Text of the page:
ALL DIGITAL: Last year, Adobe handpicked three magazines to test out its new software: Wired, The New Yorker and Martha Stewart Living, which publishes its all-digital edition today. Jeremy Clark, director of customer engagements at Adobe, said Wired was selected because it’s a monthly with technically complex content, The New Yorker for its text-heavy layout and Martha Stewart Living was picked to push Adobe’s software into a mass-market, lifestyle publication. “They [editors at Martha Stewart] really helped us push the envelope,” said Clark. “It was a stress test for our tools.” A few weeks ago, Adobe released the software that it used on all three magazines, and Joe Simon, Condé Nast’s chief technology officer, promptly said the company would use the software across all of its titles to make them tablet-ready.

The special edition of Martha Stewart Living contains only new, original content and costs about as much to put together as one of the title’s fourth quarter, holiday issues, said editorial and creative director Gael Towey. “We hope to introduce a new reader to the magazine,” said Towey, adding that about 18 percent of its readership is now on the iPad. Every single page of the application is interactive, with scroll-through recipes, panoramic views, video and interactive ads from brands such as FedEx and Tiffany & Co.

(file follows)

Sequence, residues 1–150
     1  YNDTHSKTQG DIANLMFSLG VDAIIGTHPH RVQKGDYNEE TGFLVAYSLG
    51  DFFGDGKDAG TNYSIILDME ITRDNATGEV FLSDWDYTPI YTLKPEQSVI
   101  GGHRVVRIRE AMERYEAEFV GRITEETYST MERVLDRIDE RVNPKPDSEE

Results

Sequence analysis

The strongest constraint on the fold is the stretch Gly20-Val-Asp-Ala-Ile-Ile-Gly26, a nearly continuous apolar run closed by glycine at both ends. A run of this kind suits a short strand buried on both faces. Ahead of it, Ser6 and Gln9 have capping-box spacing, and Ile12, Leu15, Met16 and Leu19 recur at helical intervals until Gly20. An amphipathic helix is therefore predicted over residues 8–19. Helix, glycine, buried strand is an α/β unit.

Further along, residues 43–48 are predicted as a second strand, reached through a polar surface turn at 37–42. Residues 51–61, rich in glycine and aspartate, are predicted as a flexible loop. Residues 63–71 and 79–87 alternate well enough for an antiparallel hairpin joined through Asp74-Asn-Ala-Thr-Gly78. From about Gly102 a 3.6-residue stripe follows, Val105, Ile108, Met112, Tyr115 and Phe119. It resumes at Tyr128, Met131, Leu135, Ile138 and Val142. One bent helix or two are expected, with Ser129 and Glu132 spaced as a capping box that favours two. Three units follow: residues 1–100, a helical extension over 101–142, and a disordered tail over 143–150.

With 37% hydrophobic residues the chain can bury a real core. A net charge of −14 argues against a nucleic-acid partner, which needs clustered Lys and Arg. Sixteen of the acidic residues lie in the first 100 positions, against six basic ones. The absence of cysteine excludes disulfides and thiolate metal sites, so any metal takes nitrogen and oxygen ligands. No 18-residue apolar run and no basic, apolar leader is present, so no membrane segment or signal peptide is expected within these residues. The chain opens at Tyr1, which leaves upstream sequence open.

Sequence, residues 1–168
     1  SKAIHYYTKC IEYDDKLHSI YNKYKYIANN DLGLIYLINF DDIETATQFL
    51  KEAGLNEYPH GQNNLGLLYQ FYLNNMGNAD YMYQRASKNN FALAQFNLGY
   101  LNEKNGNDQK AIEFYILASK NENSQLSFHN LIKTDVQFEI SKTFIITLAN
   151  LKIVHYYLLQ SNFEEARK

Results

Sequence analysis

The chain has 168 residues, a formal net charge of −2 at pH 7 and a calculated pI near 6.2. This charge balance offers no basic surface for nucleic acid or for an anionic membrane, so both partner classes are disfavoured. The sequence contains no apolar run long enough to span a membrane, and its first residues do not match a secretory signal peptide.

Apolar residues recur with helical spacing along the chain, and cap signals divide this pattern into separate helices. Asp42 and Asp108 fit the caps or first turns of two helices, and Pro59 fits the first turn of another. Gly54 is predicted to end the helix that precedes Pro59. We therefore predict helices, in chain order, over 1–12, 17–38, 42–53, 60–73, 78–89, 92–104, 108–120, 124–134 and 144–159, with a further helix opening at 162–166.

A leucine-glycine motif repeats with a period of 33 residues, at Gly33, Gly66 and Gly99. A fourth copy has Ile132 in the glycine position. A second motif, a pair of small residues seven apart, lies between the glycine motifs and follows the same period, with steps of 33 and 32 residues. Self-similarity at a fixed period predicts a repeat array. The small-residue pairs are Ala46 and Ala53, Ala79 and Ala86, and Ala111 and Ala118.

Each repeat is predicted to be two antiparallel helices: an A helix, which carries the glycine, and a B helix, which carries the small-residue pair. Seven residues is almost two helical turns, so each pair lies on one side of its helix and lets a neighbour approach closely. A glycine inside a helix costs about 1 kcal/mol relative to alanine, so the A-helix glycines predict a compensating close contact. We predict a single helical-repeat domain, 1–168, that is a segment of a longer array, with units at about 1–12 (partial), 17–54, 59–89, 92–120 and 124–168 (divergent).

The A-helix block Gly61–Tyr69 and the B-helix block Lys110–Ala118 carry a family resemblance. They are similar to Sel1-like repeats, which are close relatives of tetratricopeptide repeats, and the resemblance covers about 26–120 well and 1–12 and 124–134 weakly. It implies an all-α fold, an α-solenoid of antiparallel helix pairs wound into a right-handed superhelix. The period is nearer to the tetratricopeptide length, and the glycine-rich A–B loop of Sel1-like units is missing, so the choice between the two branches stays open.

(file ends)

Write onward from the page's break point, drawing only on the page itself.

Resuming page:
This story first appeared in the November 11, 2010 issue of WWD.  Subscribe Today.

The file size for the stand-alone Martha Stewart Living edition is just under 600 MB. Users’ criticism of the first two digital editions was that they were too large (Wired, for example, was around 500 MB). “It’s the file size for a normal, 40-minute TV show,” said Clark. “It’s larger than a normal application for the desktop, but we’re also just starting out.” Adobe is now moving on to National Geographic. Clark declined to provide more details at press time.

— Amy Wicks

VANITY FRANCE?: Could France be the next country to get its own version of Vanity Fair? Sources said Condé Nast France is mulling a launch of the title, and has been putting out feelers. A spokeswoman for Condé Nast International in London declined to offer any specifics. “We’re looking at three or four different options — but we’re always looking at our options. We are still far from giving any projects the green light, and I’d be surprised if anything is decided before the new year,” she said. Extending the Vanity Fair franchise to France would not be a surprising move. Condé Nast launched Vanity Fair Italy in 2003. The magazine was the first weekly iteration of the title, and has consistently been one of Condé Nast International’s most lucrative books. In 2007, it launched Vanity Fair Germany, but closed the title two years later, not long after the financial crisis struck. In 2008, it launched Vanity Fair Spain, a monthly title.

— Samantha Conti and Miles Socha

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